If you attended this year’s NSCA Business and Leadership Conference, the 2015 edition, you might remember executive director Chuck Wilson talking about a new program aimed at educating students about the AV integration industry and fostering recruitment possibilities.
That was in February 2015. Since then, you most likely haven’t heard much about Ignite, the program Wilson teased, and there’s a good reason for that.
NSCA Education Foundation got pretty close to launching the Ignite program, which aims to generate interest in technology by connecting local high school students with manufacturers, dealers and integrators and to spark imagination and encourage students to consider new career paths in the industry. Then it took a step back.
“They realized that nobody on the board was actually young,” quips Kelly Perkins, marketing and communications manager for AVI systems and part of a recently created three-person NSCA Education Foundation committee focused on developing Ignite.
Watch Chuck Wilson respond to an NSCA Member Question of the Week posed by CI editor Tom LeBlanc about why recruiting is such a challenge for the AV industry:
Phase one of the retooled Ignite rollout includes Perkins, Shinn and Englert spending time on the phone, surveying and picking the brains of high school, vocational school, technical school and four-year college administrators and trying to figure out what will work and what won’t in terms of outreach to potential next-generation integrators.
Invariably, they’re getting the same answer, which is that the AV industry seems compelling for their students and they’re open to learning more. “They’re more than willing to work with the industry and it’s just that nobody has approached them about it before,” Perkins says. “They’re hungry for it. Some of the people we talked to were so enthusiastic, more so than we expected them to be.”
The goal of the Ignite program is essentially to bridge that awareness gap and make students aware that the AV industry exists, that it’s exciting and that it offers tremendous career opportunities. Part of the plan it so bring students from local schools to NSCA regional events in 2016 and have integrators and manufacturers participate in generating excitement and encouragement around the industry.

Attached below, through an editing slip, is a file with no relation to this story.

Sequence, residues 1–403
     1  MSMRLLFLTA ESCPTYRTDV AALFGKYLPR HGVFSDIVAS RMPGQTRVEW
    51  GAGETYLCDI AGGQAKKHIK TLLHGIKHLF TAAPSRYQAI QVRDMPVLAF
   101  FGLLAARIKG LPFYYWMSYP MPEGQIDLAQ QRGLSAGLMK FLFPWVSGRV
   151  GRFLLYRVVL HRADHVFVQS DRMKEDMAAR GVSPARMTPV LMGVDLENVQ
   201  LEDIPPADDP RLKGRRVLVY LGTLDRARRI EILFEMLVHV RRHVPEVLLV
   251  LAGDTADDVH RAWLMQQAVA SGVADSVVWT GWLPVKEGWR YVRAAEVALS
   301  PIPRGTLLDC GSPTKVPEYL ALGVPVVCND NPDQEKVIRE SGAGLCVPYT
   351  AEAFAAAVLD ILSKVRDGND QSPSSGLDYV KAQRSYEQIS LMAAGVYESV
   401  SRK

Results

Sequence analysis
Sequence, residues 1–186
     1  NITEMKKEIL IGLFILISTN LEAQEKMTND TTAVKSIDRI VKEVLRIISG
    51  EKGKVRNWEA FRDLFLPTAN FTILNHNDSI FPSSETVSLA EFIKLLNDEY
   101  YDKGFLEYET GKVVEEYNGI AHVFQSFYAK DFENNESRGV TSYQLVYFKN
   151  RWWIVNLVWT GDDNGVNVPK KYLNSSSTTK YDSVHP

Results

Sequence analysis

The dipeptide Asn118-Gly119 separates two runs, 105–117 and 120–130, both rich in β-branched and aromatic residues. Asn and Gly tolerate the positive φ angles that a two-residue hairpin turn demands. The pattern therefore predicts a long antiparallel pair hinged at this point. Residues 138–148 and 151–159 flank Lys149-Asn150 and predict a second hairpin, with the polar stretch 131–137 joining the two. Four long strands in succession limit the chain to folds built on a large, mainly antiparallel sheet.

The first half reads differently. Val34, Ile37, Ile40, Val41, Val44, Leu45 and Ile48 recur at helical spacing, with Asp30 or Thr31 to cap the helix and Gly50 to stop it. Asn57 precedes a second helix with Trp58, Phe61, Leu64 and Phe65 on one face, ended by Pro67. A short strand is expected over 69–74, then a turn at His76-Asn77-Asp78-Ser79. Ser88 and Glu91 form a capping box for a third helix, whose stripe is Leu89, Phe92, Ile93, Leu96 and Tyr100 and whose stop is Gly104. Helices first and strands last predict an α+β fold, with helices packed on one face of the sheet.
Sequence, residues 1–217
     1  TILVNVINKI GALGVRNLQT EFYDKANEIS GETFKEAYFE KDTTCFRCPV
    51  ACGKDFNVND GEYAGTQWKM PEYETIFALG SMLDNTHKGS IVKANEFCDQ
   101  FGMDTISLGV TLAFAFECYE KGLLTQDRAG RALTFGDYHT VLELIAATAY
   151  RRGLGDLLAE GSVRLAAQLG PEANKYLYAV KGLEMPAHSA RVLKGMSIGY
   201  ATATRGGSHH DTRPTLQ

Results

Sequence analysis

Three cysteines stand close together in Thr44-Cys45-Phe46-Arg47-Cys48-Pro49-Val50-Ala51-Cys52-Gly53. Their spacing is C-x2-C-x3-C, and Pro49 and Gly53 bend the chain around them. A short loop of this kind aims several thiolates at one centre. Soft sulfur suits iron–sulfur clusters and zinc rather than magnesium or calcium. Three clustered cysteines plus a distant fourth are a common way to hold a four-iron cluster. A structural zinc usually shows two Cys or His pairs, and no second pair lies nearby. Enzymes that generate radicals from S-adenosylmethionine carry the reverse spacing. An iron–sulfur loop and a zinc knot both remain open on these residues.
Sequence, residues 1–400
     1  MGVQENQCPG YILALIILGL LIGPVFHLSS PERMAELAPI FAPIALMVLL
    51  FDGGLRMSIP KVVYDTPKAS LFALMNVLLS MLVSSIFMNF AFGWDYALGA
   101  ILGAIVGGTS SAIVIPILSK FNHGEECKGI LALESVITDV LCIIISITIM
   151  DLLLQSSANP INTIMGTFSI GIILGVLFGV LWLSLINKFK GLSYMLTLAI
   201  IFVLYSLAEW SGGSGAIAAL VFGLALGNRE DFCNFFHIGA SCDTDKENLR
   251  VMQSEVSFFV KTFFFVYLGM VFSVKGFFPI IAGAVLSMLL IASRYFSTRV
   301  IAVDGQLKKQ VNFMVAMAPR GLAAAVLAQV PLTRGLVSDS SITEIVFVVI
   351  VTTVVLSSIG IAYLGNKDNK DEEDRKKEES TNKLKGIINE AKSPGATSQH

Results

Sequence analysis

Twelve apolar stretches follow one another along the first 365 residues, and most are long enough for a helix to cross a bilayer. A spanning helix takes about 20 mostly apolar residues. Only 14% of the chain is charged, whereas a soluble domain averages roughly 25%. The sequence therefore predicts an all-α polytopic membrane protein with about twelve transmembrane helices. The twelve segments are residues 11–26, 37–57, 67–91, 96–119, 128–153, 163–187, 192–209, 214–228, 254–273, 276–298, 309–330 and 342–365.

Part of the challenge, Perkins says, will be finding dynamic and engaging ways to connect with students. “You’re dealing with kids who are extremely visual and you can’t go in there and give them a lecture,” Perkins says. “You need to go in there with content, something visual. That was the big thing I kept getting from them. It’s basically about marketing our industry in a cool way.”
Providing that type of exciting content, collateral and talking points to be rolled out at job fairs and beyond and to get students thinking about potential for a rewarding career is AV is a big objective of Ignite.
NSCA executive director Chuck Wilson says Ignite along with ESPA and its Electronic Systems Technician (EST) certification help “provide a pipeline” into high schools and trade schools “so we can move interested students from the technical programs [and STEP programs] into the EST programs at the 20-something schools we work with and then hopefully that pipeline right into our member companies.”